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Linda Jackson and I made a selection of more or less 150 digits, sorted and grouped the pictures and added some information for a DVD. We want to finish this soon in 2011 and want to offer the DVD at a price of 10 Euro plus mailing costs. Anyone who wants to buy good quality copies of the digitalized contact prints could order them at a price of 20 Schweizer Franken each (approx. £13.00, US$20,00 or €15.00). However, we – and the library – would prefer that a bulk order be made all at once by the KIT Staff, all at the same price. This would give us an opportunity to publish these pictures in the KIT-Newsletter. In other words: we really need financial help to buy these high quality pictures for KIT! The report ―Bei den ‗Urchristen‘ im paraguayischen Wald Eine Gemeinschaft von Besitzlosen‖ (Visiting ‗Early Christians‘ in the Paraguayan Woods - A Community of Dispossessed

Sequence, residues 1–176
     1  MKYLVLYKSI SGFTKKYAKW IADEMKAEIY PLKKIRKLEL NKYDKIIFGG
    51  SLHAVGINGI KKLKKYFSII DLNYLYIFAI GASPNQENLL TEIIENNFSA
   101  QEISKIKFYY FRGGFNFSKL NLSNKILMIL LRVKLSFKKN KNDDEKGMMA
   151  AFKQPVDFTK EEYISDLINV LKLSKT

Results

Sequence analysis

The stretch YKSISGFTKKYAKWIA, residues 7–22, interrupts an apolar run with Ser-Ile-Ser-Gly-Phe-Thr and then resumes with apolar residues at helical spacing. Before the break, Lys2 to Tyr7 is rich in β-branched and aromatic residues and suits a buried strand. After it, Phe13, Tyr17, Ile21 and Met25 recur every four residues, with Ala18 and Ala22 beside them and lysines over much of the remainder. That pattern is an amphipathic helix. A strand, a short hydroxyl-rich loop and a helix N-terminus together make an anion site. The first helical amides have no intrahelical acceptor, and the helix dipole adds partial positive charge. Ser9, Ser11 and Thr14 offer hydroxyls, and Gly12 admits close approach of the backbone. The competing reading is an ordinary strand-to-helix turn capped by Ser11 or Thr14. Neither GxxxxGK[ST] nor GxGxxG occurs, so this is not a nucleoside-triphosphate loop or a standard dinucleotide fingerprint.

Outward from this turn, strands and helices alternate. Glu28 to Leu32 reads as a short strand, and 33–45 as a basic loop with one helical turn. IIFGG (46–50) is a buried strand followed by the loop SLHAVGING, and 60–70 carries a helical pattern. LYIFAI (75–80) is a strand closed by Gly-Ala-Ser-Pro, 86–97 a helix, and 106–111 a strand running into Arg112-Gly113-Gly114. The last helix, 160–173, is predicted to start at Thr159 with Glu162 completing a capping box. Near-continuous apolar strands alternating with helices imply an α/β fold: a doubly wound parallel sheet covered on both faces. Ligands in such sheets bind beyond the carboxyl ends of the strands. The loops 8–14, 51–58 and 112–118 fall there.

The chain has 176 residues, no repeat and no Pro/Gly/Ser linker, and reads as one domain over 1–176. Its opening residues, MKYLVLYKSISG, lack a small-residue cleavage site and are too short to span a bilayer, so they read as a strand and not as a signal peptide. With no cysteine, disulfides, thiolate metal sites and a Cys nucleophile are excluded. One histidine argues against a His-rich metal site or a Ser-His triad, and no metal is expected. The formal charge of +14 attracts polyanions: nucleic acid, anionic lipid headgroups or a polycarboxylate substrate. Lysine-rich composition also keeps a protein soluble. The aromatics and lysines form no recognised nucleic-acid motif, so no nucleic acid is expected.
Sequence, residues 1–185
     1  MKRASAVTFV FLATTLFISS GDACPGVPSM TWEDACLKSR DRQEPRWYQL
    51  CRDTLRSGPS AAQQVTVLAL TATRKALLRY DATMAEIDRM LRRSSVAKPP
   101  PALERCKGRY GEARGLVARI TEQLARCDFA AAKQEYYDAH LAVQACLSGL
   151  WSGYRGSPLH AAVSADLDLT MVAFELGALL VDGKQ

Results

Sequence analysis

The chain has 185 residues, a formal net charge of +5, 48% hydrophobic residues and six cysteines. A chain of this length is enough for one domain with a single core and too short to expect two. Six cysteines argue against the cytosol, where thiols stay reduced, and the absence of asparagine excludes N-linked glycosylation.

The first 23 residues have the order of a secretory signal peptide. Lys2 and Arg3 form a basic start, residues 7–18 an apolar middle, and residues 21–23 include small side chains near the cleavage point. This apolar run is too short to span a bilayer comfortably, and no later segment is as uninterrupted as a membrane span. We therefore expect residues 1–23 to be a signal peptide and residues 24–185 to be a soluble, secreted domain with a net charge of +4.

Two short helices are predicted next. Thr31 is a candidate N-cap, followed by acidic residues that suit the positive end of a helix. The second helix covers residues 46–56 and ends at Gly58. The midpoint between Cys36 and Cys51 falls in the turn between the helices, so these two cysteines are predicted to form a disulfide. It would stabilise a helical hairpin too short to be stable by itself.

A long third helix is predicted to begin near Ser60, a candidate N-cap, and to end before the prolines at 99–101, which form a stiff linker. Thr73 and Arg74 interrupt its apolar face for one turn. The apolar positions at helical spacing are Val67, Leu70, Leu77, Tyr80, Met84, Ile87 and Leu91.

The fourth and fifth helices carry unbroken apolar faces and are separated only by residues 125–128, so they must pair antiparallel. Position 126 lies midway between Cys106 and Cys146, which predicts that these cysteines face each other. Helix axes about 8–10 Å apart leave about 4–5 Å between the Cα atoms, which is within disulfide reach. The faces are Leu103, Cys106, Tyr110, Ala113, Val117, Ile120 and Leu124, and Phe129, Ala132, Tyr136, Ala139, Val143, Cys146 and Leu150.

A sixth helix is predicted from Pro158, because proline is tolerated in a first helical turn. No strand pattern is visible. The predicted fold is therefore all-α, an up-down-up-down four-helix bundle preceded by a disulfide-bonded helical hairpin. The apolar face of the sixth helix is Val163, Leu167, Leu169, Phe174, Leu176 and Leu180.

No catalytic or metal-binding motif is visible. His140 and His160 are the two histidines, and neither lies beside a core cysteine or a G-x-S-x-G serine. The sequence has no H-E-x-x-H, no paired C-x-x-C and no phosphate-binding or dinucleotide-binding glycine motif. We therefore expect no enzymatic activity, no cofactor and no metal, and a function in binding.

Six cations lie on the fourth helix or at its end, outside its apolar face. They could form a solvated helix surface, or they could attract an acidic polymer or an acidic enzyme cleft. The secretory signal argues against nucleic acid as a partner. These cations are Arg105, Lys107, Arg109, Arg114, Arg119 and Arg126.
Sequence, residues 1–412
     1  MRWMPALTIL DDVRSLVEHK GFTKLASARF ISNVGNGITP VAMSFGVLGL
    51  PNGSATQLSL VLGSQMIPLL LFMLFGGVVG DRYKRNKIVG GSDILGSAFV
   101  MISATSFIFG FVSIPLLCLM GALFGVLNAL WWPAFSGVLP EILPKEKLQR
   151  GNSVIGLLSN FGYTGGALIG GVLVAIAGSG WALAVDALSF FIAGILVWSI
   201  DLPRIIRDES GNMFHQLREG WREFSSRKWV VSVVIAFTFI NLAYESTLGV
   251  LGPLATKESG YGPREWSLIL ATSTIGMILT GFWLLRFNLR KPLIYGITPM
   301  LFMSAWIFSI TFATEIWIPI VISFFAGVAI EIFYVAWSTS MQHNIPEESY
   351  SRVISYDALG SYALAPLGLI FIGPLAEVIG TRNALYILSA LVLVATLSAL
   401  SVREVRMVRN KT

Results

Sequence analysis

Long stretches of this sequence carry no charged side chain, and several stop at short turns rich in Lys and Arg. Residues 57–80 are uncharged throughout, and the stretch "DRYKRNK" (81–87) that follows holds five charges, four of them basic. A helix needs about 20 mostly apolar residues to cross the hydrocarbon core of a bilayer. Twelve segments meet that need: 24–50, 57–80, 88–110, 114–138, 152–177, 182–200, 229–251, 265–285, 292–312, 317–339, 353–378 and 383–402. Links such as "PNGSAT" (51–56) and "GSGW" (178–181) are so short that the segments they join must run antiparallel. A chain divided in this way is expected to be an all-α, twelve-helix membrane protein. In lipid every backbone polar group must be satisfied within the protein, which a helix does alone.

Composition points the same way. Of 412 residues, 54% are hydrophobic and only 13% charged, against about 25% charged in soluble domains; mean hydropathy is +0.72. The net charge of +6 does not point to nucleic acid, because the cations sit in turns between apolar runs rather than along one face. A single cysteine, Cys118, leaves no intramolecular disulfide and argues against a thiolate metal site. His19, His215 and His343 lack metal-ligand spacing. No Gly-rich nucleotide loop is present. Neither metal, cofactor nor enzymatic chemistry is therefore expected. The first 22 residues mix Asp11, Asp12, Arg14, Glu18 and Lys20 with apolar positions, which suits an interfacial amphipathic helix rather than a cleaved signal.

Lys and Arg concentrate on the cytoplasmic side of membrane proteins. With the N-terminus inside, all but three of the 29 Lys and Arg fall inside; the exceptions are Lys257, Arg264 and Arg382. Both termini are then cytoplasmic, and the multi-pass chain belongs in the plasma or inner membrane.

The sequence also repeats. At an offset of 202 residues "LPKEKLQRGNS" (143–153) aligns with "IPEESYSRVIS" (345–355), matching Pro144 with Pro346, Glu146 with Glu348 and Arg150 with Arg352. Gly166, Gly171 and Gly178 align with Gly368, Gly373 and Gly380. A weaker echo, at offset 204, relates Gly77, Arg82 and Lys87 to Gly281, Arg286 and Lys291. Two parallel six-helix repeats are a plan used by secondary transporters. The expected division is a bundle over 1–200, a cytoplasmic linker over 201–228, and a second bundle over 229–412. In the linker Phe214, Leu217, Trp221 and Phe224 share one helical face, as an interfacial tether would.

People) can be found in the new public KIT-exBruderhof-CCI site: Here is the home page: http://groups.yahoo.com/group/KITexBruderhof-CCI/ You have to sign as member (free of costs). Go to files, and there to Primavera Report from 1961. You have access there to four pdf-pages - the first two and last two are double pages in the print issue from May 1961 in the magazine Schweizer Illustrierte Zeitung. Please let us know if you want to order a DVD: Erdmuthe Arnold Ostendstraße 22 60314 Frankfurt am Main GERMANY Erdmuthe.Arnold@t-online.de

Childhood Memories of Primavera, Paraguay